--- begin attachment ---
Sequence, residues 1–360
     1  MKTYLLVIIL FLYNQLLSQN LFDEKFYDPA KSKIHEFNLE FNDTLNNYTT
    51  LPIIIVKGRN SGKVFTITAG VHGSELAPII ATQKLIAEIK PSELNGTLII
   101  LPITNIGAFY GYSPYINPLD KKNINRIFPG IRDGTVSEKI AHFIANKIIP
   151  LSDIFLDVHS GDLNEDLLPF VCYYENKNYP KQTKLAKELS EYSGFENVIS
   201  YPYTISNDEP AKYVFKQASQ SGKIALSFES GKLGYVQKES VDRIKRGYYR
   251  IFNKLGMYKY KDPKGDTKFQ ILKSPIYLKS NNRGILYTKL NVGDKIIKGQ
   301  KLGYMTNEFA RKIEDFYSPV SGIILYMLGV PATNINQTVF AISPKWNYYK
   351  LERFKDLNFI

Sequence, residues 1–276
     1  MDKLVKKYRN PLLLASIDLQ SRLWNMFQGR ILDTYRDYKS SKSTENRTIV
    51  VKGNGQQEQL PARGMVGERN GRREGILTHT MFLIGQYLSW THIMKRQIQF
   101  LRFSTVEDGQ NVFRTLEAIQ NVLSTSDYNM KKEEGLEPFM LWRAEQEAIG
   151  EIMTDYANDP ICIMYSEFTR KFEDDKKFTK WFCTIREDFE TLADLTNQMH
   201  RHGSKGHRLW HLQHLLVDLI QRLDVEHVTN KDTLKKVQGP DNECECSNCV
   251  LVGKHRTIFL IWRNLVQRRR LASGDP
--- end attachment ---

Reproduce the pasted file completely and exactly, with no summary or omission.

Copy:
Sequence, residues 1–360
     1  MKTYLLVIIL FLYNQLLSQN LFDEKFYDPA KSKIHEFNLE FNDTLNNYTT
    51  LPIIIVKGRN SGKVFTITAG VHGSELAPII ATQKLIAEIK PSELNGTLII
   101  LPITNIGAFY GYSPYINPLD KKNINRIFPG IRDGTVSEKI AHFIANKIIP
   151  LSDIFLDVHS GDLNEDLLPF VCYYENKNYP KQTKLAKELS EYSGFENVIS
   201  YPYTISNDEP AKYVFKQASQ SGKIALSFES GKLGYVQKES VDRIKRGYYR
   251  IFNKLGMYKY KDPKGDTKFQ ILKSPIYLKS NNRGILYTKL NVGDKIIKGQ
   301  KLGYMTNEFA RKIEDFYSPV SGIILYMLGV PATNINQTVF AISPKWNYYK
   351  LERFKDLNFI

Sequence, residues 1–276
     1  MDKLVKKYRN PLLLASIDLQ SRLWNMFQGR ILDTYRDYKS SKSTENRTIV
    51  VKGNGQQEQL PARGMVGERN GRREGILTHT MFLIGQYLSW THIMKRQIQF
   101  LRFSTVEDGQ NVFRTLEAIQ NVLSTSDYNM KKEEGLEPFM LWRAEQEAIG
   151  EIMTDYANDP ICIMYSEFTR KFEDDKKFTK WFCTIREDFE TLADLTNQMH
   201  RHGSKGHRLW HLQHLLVDLI QRLDVEHVTN KDTLKKVQGP DNECECSNCV
   251  LVGKHRTIFL IWRNLVQRRR LASGDP